8 million rounds of ammo unaccounted for

BY ALPHEA SAUNDERS
Senior staff reporter
saundersa@jamaicaobserver.com

Saturday, October 21, 2017

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THE Firearm Licensing Authority (FLA) will be carrying out an audit of the eight million rounds of ammunition that National Security Minister Robert Montague says is unaccounted for, to ensure that legal bullets are kept out of the hands of criminals.

He explained that with each of the country's 42,000 licensed firearm holders issued with 50 rounds per year, and an additional 250 per quarter, this amounts to approximately five million rounds per annum. However, the Government imports 13 million rounds of ammunition each year. At this time, the authorities are not certain of the whereabouts of the remaining eight million rounds.

Montague was speaking at a press briefing at his ministry yesterday, where he announced the new five-member FLA board, which is to begin its work on Tuesday.

He said the problem has to do with the additional rounds which licensed gun holders can purchase, in addition to their 1,050 allotment. These can be in any amount and are for use at firing ranges.

“What we have discovered is that not all the rounds are being used on some ranges, and therefore there is that leakage. There was an instance where inspection was done of a private firearm holder and he was upwards of 3,000 rounds in his possession because he was able to utilise the 50 rounds and 250 rounds, and he didn't expend those rounds,” he explained, pointing out that if excess rounds were to be stolen they could fall into the hands of criminals, and “may be contributing to the (deaths) of over 1,000 Jamaicans”.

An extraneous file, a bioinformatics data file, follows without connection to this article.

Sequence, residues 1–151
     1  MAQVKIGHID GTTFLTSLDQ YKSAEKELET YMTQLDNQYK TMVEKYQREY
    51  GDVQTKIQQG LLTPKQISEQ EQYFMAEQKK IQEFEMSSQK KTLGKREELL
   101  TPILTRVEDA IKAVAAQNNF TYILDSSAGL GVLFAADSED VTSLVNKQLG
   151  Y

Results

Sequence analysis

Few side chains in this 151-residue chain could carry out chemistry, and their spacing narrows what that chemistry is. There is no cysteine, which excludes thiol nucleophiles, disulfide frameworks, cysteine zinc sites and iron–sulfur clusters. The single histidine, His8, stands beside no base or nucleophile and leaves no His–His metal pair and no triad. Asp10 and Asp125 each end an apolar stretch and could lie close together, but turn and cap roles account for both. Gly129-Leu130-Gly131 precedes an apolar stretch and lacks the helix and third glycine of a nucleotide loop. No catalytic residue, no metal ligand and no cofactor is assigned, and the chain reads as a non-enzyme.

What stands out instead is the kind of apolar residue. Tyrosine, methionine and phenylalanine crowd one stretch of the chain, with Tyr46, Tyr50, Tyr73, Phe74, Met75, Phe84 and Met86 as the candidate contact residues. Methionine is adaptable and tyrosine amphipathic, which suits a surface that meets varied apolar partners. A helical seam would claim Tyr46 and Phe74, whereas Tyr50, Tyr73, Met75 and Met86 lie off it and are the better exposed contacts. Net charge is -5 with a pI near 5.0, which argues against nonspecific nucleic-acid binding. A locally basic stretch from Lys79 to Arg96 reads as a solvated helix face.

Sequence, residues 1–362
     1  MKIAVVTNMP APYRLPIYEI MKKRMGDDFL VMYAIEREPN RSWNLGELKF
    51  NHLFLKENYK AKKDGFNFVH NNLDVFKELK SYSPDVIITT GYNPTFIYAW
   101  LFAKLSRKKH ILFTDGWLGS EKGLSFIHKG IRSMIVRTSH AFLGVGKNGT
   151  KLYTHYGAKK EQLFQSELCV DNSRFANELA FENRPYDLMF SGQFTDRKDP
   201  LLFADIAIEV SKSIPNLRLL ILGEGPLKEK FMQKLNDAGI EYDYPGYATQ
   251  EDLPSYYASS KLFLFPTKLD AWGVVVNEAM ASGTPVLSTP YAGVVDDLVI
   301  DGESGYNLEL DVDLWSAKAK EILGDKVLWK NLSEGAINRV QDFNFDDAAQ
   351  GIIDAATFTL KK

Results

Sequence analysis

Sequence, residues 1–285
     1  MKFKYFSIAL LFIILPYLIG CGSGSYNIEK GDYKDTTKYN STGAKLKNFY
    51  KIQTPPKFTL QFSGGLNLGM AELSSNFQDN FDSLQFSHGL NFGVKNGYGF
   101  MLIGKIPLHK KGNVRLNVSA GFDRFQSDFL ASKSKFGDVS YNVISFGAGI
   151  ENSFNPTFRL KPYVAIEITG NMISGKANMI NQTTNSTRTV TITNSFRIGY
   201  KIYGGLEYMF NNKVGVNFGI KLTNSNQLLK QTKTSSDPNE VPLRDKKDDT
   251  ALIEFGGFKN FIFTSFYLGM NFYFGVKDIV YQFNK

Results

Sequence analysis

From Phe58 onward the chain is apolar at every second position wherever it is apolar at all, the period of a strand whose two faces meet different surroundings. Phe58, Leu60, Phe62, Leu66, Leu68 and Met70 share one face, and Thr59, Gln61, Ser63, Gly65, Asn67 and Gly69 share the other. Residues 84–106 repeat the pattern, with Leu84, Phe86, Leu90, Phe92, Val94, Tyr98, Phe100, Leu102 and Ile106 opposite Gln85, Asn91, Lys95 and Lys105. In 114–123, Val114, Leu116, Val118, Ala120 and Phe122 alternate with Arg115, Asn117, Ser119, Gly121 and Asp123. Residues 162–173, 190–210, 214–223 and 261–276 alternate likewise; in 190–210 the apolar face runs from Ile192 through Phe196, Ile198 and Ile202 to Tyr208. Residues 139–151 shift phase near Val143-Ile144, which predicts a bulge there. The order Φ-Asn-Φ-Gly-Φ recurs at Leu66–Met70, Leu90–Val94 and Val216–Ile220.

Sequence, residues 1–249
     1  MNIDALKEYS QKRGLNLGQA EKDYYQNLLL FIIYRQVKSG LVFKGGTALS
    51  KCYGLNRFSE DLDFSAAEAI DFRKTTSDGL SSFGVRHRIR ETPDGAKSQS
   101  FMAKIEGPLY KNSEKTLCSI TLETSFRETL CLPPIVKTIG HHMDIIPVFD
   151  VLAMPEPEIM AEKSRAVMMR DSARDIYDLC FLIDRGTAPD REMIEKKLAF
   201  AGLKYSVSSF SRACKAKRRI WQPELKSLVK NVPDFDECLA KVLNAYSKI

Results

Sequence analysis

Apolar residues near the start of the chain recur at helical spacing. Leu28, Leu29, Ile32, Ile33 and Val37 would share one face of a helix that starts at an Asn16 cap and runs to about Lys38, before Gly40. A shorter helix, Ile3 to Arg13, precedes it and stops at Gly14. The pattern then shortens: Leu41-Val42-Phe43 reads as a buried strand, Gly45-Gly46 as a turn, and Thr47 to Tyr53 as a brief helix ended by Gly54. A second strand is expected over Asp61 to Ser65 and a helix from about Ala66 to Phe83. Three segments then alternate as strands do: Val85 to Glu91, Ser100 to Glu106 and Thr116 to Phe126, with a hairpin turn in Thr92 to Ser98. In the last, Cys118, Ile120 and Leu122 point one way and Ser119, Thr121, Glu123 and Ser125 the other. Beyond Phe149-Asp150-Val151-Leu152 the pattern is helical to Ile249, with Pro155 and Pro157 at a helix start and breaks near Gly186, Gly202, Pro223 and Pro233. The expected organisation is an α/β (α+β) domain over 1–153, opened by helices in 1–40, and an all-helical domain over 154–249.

The national security minister said there is also another avenue for leakage, where individuals go on to ranges with empty magazines, load these weapons there, and leave with those rounds.

“It's difficult for the range owner to monitor when a person is doing that,” he remarked.

He said that the eight-million-round gap is bothersome for the authorities.

“We are not sure [whether] those rounds were used on ranges, or whether they are locked in somebody's safe, or whether those rounds are in the hands of members of the criminal underworld... If one bullet from the legal trade leaks into the illegal trade, potentially one more life can be lost,” he said.

The new FLA board was appointed following the resignation of the previous Dennis Wright-chaired board in August, which was prompted by a corruption scandal that has rocked the State licensing agency in recent months.

Montague had ordered the FLA to temporarily cease issuing approvals for gun licences or permits and the Major Organised Crime and Anti-Corruption Agency moved in to probe the allegations of systemic corruption at the agency which, among other things, had resulted in individuals reportedly involved in murder and lottery scamming receiving gun licences, and in some revoked applications being reversed.

Yesterday, Montague expressed confidence in the new board's ability to clean up the FLA, pointing to some of the instances of corruption that the previous board had “stumbled upon”.

He said these included “one-stop shops”, where third parties would apply for licences on the behalf of other individuals, arrange for competency certificates to be issued and for the purchase of weapons, among other “services”.

“In one case, we discovered where persons actually purchased weapons before they apply… a number of things were found,” the minister said.

In the meantime Chief Executive Officer (CEO) of the FLA Shane Dalling said that 1,200 people utilised the recent amnesty issued by the agency for firearm holders to come in and renew their licences and update their records. According to the CEO, this resulted in earnings of more than $28 million for the FLA.

“Persons had licences outstanding for up to 10 years. We were able to get in many of the guns and have them ballistically tested. The police and the FLA are now on the road [doing] house-to-house visits. So far, we have found that many of these persons in the Kingston and St Andrew area are dead and we are now retrieving the firearms from the home,” Dalling explained.

He said the drive to retrieve firearms is to be expanded islandwide.

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